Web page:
Once upon a time, it seemed like everyone brewed beer in Belgium.
Professional brewers shared their knowledge with private individuals whose brewing installation was located in their living room, with farmers who had their hands brew on quiet days and with abbeys who claimed their brews had medicinal properties. Depending on their region, brewers used different ingredients in varying quantities, which explains why so many regional beers emerged.
Timmermans has brewed lambic in Itterbeek for the last 300 years, ever since 1702. A few miles from the centre of Brussels, it was then known as “The Mole Brewery”. Owned by Jan Vandermeulen, it was also a farm, an orchard, a café and a malt-house.
In May of the year 1814, the municipal treasurer took note of a statement that Jacobus Walravens had lit the fire under his brew kettles four times. These brew kettles had a content of 15 hectoliters. The small brewery called “De Mol” was housed in a thatched stone building. The brewery had two brew kettles, two vats and a cooling vessel. It produced three or four batches of small beer a year. Small beer is beer that contains very little alcohol and that was historically produced for everyday consumption. The four 1500 litre batches that were brewed a year were intended to cover the needs of the relay.
A deed drawn up by notary public Jean Baptiste Van den Eeckhoudt in St Kwintens Lennik on 9 June 1832 states that the farm called “Het Molleke”, located within the municipality of Itterbeek, with associated brewing equipment, belonged to the widow Anna Catherina Verheylewegen.
Lambic, Faro and Meerts from the Walravens brewery were mentioned in 1866 in the official record of a public auction held in Brussels. Large quantities of this beer were stored in the cellars of innkeeper Michel Van Begin who died in December 1866. It was clear that the Walravens brewery was actively expanding its market beyond Itterbeek.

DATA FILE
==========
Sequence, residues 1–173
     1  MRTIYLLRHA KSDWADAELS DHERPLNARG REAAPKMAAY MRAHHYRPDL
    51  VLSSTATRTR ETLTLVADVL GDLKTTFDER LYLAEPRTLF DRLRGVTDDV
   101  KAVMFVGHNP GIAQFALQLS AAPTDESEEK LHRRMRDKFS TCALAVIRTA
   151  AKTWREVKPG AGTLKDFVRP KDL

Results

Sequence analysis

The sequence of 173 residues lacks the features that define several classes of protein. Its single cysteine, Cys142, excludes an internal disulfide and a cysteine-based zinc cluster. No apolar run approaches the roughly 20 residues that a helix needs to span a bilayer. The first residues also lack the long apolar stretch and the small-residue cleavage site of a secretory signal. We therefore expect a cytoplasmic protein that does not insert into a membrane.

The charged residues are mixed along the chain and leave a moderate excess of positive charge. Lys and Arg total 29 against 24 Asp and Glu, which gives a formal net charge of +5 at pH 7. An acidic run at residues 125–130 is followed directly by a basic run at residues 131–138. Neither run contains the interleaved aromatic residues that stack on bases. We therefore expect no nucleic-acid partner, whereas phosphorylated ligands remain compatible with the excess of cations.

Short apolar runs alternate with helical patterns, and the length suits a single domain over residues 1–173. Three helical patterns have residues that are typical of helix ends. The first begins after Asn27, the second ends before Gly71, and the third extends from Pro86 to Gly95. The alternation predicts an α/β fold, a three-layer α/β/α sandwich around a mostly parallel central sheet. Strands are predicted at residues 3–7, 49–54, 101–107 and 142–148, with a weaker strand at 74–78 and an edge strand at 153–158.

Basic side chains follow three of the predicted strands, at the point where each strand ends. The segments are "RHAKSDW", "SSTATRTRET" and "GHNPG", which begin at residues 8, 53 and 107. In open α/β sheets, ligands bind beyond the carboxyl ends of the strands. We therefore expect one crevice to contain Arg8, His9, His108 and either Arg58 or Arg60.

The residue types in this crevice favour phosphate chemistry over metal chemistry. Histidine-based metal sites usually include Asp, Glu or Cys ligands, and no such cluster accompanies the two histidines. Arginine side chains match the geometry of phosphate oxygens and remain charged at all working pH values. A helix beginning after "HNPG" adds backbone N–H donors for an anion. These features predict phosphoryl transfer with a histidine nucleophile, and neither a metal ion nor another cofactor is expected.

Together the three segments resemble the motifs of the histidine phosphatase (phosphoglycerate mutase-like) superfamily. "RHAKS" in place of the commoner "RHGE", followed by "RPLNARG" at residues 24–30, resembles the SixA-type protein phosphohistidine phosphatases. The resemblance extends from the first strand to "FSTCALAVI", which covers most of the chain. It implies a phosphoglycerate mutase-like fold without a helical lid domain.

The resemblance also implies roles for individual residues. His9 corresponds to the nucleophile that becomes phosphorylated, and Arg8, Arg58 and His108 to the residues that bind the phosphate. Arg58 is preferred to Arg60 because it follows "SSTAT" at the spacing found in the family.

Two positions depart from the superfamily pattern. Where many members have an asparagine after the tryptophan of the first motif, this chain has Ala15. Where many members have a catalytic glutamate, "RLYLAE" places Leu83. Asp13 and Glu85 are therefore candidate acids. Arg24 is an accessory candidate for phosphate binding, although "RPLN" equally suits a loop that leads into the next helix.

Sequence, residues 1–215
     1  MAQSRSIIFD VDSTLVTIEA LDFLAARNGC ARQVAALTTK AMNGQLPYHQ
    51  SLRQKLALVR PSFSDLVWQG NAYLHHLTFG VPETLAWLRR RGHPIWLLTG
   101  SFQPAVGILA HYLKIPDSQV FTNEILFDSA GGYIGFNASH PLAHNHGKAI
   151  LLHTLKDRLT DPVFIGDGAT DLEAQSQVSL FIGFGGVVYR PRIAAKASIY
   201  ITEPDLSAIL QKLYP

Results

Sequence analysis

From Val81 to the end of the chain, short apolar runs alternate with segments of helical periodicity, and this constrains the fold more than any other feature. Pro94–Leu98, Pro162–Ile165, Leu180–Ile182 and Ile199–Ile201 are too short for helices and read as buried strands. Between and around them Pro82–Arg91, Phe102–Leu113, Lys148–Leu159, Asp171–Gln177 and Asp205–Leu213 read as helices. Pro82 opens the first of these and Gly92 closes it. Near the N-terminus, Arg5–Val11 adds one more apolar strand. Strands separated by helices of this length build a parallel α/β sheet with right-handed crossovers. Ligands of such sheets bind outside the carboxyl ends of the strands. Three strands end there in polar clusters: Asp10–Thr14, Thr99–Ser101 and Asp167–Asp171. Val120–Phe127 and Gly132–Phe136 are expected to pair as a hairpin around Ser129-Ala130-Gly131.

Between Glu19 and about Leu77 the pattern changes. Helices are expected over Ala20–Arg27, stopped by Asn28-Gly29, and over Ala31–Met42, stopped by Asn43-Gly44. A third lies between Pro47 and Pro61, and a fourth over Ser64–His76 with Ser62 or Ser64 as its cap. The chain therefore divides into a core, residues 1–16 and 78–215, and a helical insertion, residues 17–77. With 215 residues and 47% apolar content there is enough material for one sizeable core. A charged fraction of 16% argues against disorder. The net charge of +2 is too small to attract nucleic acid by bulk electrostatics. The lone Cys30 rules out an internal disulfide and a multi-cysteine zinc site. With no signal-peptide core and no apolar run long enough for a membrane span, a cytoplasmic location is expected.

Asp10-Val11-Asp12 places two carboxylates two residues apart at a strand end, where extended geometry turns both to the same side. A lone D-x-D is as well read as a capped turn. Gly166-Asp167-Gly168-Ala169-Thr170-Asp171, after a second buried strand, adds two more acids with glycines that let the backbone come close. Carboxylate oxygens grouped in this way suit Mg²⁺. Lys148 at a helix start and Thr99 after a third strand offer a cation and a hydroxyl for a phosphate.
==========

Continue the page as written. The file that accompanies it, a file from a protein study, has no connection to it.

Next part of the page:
Commercial documents dating from the 16th and 17th century indicate that the Near East was an important market for Belgian artisanal beers. The commercial attaché from Constantinople ordered 200 bottles of Gueuze-Lambic from a Brussels brewery. They were shipped to Sultan Abdul Medjid in Constantinople.
A major change took place when Paul Walravens’ youngest daughter, Celina, married a brewer’s son from Zuun called Frans Timmermans in 1911. The farm and orchard were discontinued and the couple put all their energy into the brewery. This meant that they had to buy their sour cherries from that point forward. They had previously used the produce of their own orchards to brew fruit beers. As far as I know, there is a small brewery which continues to make Kriek beer with their own produce. However, if the cherry harvest is poor, they can produce no or very little Kriek beer.
Timmermans Brewery has been part of the John Martin group since 1993. Today, Timmermans beers, winners of prestigious prizes, are found all over the world and form a crucial part of the Martin’s Finest Beer Selection.
Lambic has been known since the 13th century and continues to be brewed exclusively in the Zenne valley, particularly in the Brussels area.
It is the only beer type with a registered designation of origin (pursuant to the Belgian Royal Decree of 20 May 1965) and must be brewed in accordance with legal standards.
Lambic is prepared with 70% malt, 30% wheat and aged hops.
From its very beginnings, Lambic has been produced by means of spontaneous fermentation, i.e. by bringing the wort into contact with the wild yeasts present in the air.
Lambic acquires its specific flavour through the cereals used in the brewing process (wheat and barley) as well as the microorganisms present in the Zenne valley (including Brettanomyces lambicus and Brettanomyces bruxellensis) which bring about fermentation.
This explains why good Lambic can only be brewed within a 15 km radius of the city centre.
Approximately 300 Lambic breweries existed around 1900. Now, only about 10 traditional Lambic breweries are left.